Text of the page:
How Can I Reduce My Liability as a Property Owner?

According to federal and state premises liability laws, property owners have a duty to uphold a certain standard of care to every person who enters their properties. Standards of care include maintaining a safe premises, warning visitors of potential hazards on the property, and conducting regular safety checks. If you’re negligent with your duties as a property owner and a guest on your property sustains an injury because of it, you could face a lawsuit.

Understand Premises Liability Laws

To reduce your liability as a property owner, you must understand the premises liability laws in your state. Missouri law may not hold you responsible for an injury if you weren’t in control or possession of the property at the time. If you’re in possession of the property, the law requires you to use reasonable care to identify and repair any dangers on your premises. If you can’t repair these hazards, you must warn guests of them.

If a dangerous condition exists on your property and you know about it, you’re legally obligated to make a repair or post an adequate warning. A “dangerous condition” can mean slippery floors, an obstacle in the way, uneven curbs, or poorly maintained staircases – any condition that makes it unsafe for visitors. If you don’t take proper care to maintain safe premises, an injured guest or visitor can file a claim against you.

Improve Your Premises

The number one way to ensure you aren’t involved in a premises liability lawsuit is to maintain a safe property for guests. Pay special attention to potentially hazardous areas, such as swimming pools, stairwells, and walkways. For example, if your pool is too shallow for safe diving, put up a “No Diving” sign to warn visitors. Install fences with childproof locks around your swimming pool and keep pool chemicals safely out of reach. Check for unstable stairwell railings or clutter on your stairs that could pose a trip and fall hazard.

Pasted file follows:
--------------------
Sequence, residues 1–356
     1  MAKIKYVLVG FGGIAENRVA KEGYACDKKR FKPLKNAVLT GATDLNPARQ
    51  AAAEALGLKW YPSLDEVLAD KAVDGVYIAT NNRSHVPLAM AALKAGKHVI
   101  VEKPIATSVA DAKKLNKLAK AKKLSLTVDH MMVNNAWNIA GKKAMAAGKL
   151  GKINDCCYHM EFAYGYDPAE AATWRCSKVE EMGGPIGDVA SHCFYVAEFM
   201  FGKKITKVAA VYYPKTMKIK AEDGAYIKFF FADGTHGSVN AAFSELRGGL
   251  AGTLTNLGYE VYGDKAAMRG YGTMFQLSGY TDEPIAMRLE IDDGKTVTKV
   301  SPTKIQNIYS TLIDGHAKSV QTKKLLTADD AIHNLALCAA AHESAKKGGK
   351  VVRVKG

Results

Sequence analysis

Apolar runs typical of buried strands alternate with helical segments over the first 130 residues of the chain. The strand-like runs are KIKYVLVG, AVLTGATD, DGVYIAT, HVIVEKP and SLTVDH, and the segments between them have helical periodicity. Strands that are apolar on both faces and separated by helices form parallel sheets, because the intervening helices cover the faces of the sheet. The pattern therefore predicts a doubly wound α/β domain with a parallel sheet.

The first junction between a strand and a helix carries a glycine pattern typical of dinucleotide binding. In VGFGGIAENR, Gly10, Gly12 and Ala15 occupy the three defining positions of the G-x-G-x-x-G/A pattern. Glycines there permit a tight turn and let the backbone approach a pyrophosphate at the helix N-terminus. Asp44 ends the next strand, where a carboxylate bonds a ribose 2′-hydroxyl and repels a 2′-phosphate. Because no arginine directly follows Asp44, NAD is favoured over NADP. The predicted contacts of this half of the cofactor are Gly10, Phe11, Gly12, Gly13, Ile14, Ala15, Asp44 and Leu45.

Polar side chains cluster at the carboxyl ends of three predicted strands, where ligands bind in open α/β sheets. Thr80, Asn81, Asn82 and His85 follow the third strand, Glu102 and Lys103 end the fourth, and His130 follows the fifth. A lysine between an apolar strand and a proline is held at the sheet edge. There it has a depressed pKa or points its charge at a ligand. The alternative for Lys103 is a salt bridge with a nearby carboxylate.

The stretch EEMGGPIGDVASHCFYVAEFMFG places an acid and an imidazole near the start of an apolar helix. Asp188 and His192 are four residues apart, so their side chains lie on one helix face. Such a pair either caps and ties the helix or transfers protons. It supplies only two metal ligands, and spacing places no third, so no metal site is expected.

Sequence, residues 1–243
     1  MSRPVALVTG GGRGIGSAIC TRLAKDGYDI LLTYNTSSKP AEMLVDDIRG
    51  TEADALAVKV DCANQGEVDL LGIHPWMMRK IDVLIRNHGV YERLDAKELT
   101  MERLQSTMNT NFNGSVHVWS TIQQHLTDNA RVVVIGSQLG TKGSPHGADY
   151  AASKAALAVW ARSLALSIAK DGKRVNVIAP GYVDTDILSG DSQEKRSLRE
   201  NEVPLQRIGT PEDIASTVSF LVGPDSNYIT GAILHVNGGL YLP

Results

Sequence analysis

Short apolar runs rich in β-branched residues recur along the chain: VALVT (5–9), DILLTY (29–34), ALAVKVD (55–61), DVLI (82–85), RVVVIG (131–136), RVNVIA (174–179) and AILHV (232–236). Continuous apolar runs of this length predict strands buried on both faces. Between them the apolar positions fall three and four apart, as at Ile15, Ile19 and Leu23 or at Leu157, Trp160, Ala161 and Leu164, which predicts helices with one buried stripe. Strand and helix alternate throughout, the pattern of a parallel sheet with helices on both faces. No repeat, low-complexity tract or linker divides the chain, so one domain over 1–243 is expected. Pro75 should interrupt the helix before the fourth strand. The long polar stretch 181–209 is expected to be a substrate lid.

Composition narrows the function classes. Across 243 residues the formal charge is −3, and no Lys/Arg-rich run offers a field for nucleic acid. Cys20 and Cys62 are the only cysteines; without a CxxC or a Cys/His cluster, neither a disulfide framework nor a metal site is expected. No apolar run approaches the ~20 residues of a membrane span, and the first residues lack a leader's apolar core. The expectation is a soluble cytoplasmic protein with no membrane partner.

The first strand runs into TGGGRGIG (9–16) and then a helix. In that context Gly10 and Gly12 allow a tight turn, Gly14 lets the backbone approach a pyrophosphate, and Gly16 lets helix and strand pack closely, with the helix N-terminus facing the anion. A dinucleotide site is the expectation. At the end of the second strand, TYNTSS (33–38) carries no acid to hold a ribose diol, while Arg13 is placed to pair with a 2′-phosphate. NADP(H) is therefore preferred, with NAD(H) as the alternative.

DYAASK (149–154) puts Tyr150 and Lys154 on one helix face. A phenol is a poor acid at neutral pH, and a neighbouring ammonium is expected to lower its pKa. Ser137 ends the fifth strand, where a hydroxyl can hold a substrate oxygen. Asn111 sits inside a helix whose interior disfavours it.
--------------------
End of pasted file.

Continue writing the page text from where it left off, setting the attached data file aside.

Conduct regular inspections to detect hazards, especially right before you host a party or gathering. Purchase a wet floor sign to put up if you have a spill you can’t clean up right away. Install railings on staircases to ensure guests can safely navigate your property. Deter trespassers from entering by putting up fences and gates with locks.

Your duty of care to others depends on what type of person is on your property. There are four classifications:

  • People you invite to your property for business purposes. This includes customers and job applicants.
  • People you invite to your property for social purposes. Licensees include your family members, friends, and neighbors.
  • People who enter your property without your consent. This includes strangers and thieves.
  • Trespassing children. The law makes exceptions for trespassing minors, including neighborhood children.

You owe the highest standard of care to invitees. You must repair and fix hazards and inspect for other risks regularly. You must still ensure your property is safe and free of hazards for licensees, but you don’t have to do routine inspections. You have no obligation to provide for the safety of trespassers, but you can’t purposefully harm them. You must provide for the safety of trespassing children.

Hire a Skilled Premises Liability Lawyer

The best way to safeguard yourself against a potential lawsuit is to hire a local Kansas City premises liability lawyer. Dickerson Oxton, LLC has experience with premises liability cases in Kansas and Missouri and can come to your defense if someone makes a claim against you. We can build a solid defense based on photographs of your property, an analysis of state laws, and custom solutions. Contact our firm today to speak with an experienced Kansas City personal injury lawyer about your case in detail.